A Living Legacy
Sir John McClure’s legacy is a thread that is deeply intwined in Mill Hill’s identity, running through everything from our architecture to the values that guide every new pupil and Old Millhillian.
McClure had a transformational effect on Mill Hill, steadying the school early in his tenure before enabling it to flourish. By 1907, it had become a high-achieving, nationally recognised public school, welcoming Prime Minister Mr Campbell-Bannerman as guest of honour for its centennial celebrations.
Today, McClure’s impact can be felt in the Collinson and Ridgeway boarding houses. He inspired the building of the new Chapel and the conversion of the old chapel into the Large. He oversaw the development of the Marnham Block, the Winterstoke Library, the Fives Courts, the Music School and the Gate of Honour.
McClure was responsible for expanding the school’s educational horizons. Despite being a man of Mathematics, he made sure the air around Mill Hill was filled with music, he encouraged pupils to look to the stars through the study of Astronomy, and he infused the cricket field with his deep passion for the sport. And it is thanks to McClure that we remain anchored to our motto of Et virtutem et musas. All Mill Hill pupils will recognise the essential human values that he espoused, and all have benefited from his promise to inspire minds through educational excellence.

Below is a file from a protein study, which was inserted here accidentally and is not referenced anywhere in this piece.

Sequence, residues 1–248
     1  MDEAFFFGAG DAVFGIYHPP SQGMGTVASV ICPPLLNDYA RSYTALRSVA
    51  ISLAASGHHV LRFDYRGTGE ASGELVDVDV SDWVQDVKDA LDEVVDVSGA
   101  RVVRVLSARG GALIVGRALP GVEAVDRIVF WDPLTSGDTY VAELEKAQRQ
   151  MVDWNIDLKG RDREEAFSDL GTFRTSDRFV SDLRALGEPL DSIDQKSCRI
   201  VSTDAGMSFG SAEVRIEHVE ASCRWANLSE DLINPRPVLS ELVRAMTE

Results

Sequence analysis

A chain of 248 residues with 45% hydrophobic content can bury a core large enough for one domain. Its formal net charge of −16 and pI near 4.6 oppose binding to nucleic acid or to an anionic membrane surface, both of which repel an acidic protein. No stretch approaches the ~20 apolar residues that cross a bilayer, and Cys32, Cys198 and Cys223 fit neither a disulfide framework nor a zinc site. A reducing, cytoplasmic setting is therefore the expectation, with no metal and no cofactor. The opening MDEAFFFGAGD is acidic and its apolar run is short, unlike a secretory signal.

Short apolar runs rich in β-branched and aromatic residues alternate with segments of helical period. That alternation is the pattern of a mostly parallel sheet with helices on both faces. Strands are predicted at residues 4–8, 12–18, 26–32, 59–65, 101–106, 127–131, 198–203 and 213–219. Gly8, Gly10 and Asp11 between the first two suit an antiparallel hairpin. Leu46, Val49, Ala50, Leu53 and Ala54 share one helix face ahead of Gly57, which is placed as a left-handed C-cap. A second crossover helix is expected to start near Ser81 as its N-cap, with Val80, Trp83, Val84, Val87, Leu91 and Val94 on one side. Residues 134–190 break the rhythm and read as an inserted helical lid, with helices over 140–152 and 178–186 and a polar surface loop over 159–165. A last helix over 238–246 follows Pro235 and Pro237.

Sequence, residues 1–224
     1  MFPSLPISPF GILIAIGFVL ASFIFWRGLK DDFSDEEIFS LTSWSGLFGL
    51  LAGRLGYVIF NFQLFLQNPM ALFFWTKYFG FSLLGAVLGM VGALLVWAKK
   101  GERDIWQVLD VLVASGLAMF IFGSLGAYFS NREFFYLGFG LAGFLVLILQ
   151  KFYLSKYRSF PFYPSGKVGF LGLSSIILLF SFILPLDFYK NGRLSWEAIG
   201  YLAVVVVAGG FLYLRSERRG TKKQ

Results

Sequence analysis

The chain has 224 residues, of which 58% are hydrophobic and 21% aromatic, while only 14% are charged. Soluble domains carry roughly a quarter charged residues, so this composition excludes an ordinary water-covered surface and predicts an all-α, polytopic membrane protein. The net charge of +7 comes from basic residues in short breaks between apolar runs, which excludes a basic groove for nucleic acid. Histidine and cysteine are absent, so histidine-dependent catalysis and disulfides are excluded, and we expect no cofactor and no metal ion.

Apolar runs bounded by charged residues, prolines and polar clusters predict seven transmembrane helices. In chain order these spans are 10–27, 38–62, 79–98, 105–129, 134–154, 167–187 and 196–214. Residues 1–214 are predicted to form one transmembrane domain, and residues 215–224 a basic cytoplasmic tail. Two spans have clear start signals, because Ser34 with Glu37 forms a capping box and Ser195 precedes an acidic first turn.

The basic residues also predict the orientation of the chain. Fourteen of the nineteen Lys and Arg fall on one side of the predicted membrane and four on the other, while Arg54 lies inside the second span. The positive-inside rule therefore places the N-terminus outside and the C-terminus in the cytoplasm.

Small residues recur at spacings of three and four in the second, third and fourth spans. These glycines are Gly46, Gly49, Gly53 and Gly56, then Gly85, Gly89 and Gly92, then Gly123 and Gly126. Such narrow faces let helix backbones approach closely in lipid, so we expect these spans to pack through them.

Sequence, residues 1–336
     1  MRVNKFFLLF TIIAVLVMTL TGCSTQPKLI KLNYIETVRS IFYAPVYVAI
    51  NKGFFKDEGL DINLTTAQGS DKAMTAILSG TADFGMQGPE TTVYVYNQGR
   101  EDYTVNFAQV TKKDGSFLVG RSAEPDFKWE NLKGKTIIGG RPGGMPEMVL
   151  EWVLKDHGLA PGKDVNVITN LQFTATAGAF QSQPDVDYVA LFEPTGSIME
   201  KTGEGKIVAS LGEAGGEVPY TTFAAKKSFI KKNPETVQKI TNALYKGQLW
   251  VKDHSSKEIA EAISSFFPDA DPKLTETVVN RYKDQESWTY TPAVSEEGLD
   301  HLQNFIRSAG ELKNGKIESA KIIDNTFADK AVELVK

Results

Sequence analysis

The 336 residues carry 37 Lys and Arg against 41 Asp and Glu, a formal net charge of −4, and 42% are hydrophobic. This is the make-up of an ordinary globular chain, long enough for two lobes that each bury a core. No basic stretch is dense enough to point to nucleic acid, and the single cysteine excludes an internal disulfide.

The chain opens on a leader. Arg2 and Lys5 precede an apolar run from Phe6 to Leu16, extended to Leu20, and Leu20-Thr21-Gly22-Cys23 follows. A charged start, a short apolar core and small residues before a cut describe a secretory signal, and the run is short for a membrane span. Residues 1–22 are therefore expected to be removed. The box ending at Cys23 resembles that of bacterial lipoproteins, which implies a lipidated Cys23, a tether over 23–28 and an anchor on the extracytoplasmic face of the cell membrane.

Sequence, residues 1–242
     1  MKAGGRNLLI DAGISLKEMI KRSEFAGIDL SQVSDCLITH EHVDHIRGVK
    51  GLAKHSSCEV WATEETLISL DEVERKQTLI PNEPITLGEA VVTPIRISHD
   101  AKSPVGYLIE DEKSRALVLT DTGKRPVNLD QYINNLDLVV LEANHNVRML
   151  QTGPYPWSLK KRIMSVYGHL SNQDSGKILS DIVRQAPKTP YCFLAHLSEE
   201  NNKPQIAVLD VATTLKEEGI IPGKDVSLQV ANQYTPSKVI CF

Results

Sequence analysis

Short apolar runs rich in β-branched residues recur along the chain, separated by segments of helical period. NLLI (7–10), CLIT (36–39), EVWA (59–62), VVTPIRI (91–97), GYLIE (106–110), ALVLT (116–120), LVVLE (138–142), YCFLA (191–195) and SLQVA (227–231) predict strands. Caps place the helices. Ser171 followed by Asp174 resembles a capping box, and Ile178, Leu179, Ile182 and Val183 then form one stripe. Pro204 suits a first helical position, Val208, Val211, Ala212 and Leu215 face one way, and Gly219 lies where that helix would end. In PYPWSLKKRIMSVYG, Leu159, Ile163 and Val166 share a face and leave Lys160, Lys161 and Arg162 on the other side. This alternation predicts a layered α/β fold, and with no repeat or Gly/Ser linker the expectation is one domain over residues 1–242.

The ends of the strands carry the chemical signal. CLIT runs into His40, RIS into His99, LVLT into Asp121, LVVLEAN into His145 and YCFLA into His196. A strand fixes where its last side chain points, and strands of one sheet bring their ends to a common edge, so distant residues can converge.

Fundamentally, McClure is remembered as an honourable, determined man whose dedication to our School became the foundation for its success. That is why we remember him today, and why he will continue to be remembered long into Mill Hill’s future.
In McClure, the School’s governors had discovered a relatively unknown quantity, without extensive teaching experience but with the desired nonconformist credentials and in possession of exceptional academic talents.
McClure approached his professional calling with sincerity, honour and a sense of great duty, demonstrating an unwavering devotion to Mill Hill’s pupils and its cause. Under his stewardship, the school thrived beyond expectation, with pupil numbers rapidly increasing by the outbreak of the First World War.
As a teacher, McClure was a man of real presence and voice, universally respected and revered by all at Mill Hill. At the same time, he was a man of compassion, with a sharp wit.
The pupils’ affection for McClure, and their faith in the institution of Mill Hill, is evident in their wartime correspondence. It is telling that at a time of such desperation, uncertainty and fear, it was McClure that provided them with a beacon of reason, certainty and hope.